Plot: After fifteen years living as a captive under the control of a crazed religious zealot, Kimmy (Ellie Kemper) has been rescued and she intends to make the most of her new freedoms. She takes a big risk and relocates to New York City, but she has little other than a little cash and a lot of optimism. Of course, her initial encounters in the big city are less than optimistic, but her spirit refuses to be broken and despite some setbacks, Kimmy is determined to make her new life work. She manages to find a roommate in eccentric performer Titus (Tituss Burgess) and even some work for the also eccentric trophy wife Jacqueline (Jane Krakowski), so after some missteps, things seem to level out a little, at least for a while. But with her colorful new friends, confusing job, and her ever looming past, can Kimmy get the fresh start she needs?
Entertainment Value: This Netflix series is prime binge fodder, with offbeat humor, colorful characters, and just enough of a larger narrative arc to keep you wanting to see what happens next. Unbreakable Kimmy Schmidt takes a lot of cues from one of Tina Fey’s other projects, 30 Rock, but soon begins to take things in much weirder, off the wall directions. So the snark and the intelligence of 30 Rock is woven in, but Kimmy Schmidt gets a lot more manic and wild, especially as the series rolls on. This means the show has more charm to some viewers, who appreciate the weirdness, but it also means the series is perhaps a little less accessible. But even in the strangest episodes, I think there’s enough to keep most audiences entertained. I was more taken with the show when it ramped up the craziness or random nonsense however, so I loved when the show really goes for broke. I didn’t love the shift toward the bunker trial and such that happens at times, but other than that, Unbreakable Kimmy Schmidt is a consistently fun show that earns a solid recommendation.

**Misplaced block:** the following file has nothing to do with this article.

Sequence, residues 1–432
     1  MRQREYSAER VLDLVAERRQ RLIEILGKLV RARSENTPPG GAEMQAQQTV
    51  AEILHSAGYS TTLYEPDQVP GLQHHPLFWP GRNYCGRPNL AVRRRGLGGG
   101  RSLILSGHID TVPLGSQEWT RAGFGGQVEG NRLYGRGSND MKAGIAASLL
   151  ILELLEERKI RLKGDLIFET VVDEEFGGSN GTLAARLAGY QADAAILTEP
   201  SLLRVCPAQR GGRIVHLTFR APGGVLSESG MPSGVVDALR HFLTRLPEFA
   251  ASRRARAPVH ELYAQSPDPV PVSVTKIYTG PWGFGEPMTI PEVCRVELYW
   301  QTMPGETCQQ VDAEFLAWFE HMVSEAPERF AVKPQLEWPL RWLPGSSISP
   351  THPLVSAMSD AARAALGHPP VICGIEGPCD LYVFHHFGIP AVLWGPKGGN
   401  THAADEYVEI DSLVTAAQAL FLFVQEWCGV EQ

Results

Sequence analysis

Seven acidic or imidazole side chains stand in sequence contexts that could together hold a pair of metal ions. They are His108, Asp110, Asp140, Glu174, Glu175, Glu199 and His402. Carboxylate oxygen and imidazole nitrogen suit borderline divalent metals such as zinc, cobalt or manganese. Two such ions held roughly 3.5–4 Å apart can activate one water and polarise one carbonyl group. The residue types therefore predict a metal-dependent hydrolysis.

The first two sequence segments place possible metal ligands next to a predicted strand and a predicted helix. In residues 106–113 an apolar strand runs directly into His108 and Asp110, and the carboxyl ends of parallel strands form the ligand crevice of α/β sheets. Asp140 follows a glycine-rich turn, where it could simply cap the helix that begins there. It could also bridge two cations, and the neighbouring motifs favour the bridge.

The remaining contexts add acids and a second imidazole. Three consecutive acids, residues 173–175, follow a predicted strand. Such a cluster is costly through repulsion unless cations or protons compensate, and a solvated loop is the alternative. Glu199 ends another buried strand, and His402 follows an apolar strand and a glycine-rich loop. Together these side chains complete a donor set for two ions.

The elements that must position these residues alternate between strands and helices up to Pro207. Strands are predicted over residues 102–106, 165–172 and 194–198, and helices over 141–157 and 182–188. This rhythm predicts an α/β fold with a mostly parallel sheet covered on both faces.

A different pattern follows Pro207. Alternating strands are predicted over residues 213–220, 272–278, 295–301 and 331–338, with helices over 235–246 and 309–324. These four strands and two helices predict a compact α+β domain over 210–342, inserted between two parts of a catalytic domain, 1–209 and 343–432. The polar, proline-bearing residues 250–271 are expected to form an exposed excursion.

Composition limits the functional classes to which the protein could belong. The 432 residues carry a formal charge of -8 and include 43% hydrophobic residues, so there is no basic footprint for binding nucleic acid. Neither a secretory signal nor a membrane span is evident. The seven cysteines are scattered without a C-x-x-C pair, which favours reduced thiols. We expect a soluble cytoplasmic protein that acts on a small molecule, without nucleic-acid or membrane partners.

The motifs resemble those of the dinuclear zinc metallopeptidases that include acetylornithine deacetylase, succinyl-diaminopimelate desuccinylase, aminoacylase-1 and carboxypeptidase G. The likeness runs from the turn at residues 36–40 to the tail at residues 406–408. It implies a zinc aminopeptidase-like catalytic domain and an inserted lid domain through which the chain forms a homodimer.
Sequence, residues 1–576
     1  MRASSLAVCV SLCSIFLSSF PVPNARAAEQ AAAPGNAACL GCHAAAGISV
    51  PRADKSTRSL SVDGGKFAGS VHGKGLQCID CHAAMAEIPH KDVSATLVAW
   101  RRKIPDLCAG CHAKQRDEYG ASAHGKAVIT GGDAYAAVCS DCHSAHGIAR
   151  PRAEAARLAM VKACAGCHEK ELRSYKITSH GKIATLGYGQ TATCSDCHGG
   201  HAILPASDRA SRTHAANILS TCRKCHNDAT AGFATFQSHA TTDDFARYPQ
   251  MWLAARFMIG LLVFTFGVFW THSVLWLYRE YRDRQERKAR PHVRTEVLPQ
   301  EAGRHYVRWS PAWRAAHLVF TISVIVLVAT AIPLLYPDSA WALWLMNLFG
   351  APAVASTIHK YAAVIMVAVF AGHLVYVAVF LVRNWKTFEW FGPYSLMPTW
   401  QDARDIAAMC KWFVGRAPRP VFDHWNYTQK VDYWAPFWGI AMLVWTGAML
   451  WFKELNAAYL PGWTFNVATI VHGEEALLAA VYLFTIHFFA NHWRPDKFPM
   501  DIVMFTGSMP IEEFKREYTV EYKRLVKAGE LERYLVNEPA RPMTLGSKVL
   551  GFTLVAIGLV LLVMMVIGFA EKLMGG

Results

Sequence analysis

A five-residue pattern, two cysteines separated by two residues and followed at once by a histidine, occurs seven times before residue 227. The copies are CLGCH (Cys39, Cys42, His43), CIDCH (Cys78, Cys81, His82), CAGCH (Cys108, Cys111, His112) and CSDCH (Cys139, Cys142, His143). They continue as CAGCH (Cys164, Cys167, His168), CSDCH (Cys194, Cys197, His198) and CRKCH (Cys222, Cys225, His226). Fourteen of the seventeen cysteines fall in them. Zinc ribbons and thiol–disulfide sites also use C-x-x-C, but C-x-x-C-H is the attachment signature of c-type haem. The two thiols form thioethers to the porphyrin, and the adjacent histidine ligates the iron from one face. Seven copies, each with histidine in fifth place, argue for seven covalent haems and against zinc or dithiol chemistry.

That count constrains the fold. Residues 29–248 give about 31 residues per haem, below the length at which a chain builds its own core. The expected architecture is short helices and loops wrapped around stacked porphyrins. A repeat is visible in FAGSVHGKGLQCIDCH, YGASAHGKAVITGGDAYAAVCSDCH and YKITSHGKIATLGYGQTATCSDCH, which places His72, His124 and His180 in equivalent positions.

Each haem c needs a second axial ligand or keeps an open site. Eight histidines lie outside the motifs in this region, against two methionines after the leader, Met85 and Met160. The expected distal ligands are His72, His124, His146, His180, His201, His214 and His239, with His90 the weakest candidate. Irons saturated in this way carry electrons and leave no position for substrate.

I have to think that enjoyment of the show for a lot of folks will center on their feelings for its lead, Ellie Kemper. She has that special combination of naive and psycho, which is Kemper’s usual comedic style, so if you appreciate her earlier work, then you’re likely going to have fun here. Her performance is manic and all over the place, with that special sweetness she often displays, cut with drastic reactions and flashes of total madness from time to time. I think she is fun to watch, but I can see how it might run out of steam for some viewers, as she does little to mix up the character over the course of the show’s seasons. And of course, if you’re not a fan of Kemper’s signature humor, the show will likely not be a home run, though it is enough of an ensemble that perhaps you can find other characters or performers to focus on. The cast also includes Tina Fey, Tituss Burgess, Carol Kane, Jon Hamm, Lauren Adams, Jane Krakowski, Amy Sedaris, and Sara Chase.
The Disc: Mill Creek brings this quirky comedy to Blu-ray and the show looks good, with a clean and colorful visual presentation. The show’s four seasons are spread across eight discs and while some minor digital issues arise, for the most part the episodes look terrific. The colors are especially bright and bold, while detail is sharp and should have fans more than satisfied.
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